“As we age, the brain shrinks and we lose brain cells which can affect learning and memory,” said study author Michelle Luciano, PhD, of the University of Edinburgh in Scotland. “This study adds to the body of evidence that suggests the Mediterranean diet has a positive impact on brain health.”

Researchers gathered information on the eating habits of 967 Scottish people around age 70 who did not have dementia. Of those people, 562 had an MRI brain scan around age 73 to measure overall brain volume, gray matter volume and thickness of the cortex, which is the outer layer of the brain. From that group, 401 people then returned for a second MRI at age 76. These measurements were compared to how closely participants followed the Mediterranean diet.

The participants varied in how closely their dietary habits followed the Mediterranean diet principles. People who didn’t follow as closely to the Mediterranean diet were more likely to have a higher loss of total brain volume over the three years than people who followed the diet more closely. The difference in diet explained 0.5 percent of the variation in total brain volume, an effect that was half the size of that due to normal aging.

The results were the same when researchers adjusted for other factors that could affect brain volume, such as age, education and having diabetes or high blood pressure.

There was no relationship between grey matter volume or cortical thickness and the Mediterranean diet.

The researchers also found that fish and meat consumption were not related to brain changes, which is contrary to earlier studies.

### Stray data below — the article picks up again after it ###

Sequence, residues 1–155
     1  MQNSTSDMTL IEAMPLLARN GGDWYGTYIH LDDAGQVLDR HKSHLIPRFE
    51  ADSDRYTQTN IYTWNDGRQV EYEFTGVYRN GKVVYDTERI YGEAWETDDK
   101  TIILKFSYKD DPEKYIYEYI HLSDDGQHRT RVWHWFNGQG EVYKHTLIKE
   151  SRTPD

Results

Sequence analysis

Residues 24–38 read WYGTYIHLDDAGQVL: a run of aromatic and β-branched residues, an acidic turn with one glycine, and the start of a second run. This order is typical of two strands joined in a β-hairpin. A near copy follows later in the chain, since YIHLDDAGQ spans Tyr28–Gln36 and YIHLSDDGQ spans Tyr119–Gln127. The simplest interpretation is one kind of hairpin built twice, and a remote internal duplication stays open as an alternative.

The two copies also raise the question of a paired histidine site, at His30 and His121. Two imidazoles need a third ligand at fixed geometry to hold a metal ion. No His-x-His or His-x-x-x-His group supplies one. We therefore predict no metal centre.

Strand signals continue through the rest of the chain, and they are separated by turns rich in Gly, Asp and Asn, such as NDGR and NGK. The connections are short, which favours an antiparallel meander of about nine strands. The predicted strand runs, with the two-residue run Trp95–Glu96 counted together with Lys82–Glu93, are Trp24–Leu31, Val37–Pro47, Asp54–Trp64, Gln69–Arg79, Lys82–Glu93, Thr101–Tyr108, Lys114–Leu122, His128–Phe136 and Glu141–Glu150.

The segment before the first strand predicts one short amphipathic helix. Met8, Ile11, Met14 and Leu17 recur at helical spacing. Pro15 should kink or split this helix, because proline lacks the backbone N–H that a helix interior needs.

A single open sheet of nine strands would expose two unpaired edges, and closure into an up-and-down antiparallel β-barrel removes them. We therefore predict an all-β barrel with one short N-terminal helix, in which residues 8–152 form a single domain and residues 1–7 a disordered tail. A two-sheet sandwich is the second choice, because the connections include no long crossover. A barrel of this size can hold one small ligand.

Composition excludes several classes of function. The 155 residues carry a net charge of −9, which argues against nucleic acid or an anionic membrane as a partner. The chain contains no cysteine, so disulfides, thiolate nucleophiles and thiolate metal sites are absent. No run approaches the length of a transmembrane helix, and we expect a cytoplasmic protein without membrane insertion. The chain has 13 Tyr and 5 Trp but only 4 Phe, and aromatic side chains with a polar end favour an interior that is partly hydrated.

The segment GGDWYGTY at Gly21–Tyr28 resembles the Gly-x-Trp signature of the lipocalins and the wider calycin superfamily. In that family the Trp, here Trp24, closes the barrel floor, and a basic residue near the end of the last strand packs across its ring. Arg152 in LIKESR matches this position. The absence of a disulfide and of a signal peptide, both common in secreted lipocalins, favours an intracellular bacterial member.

“It’s possible that other components of the Mediterranean diet are responsible for this relationship, or that it’s due to all of the components in combination,” Luciano said.

Luciano noted that earlier studies looked at brain measurements at one point in time, whereas the current study followed people over time.

“In our study, eating habits were measured before brain volume was, which suggests that the diet may be able to provide long-term protection to the brain,” said Luciano. “Still, larger studies are needed to confirm these results.”

Reference: 1.Michelle Luciano, Janie Corley, Simon R. Cox, Maria C. Valdés Hernández, Leone C.A. Craig, David Alexander Dickie, Sherif Karama, Geraldine M. McNeill, Mark E. Bastin, Joanna M. Wardlaw, Ian J. Deary. Mediterranean-type diet and brain structural change from 73 to 76 years in a Scottish cohort. Neurology, 2017; 10.1212/WNL.0000000000003559 DOI: 10.1212/WNL.0000000000003559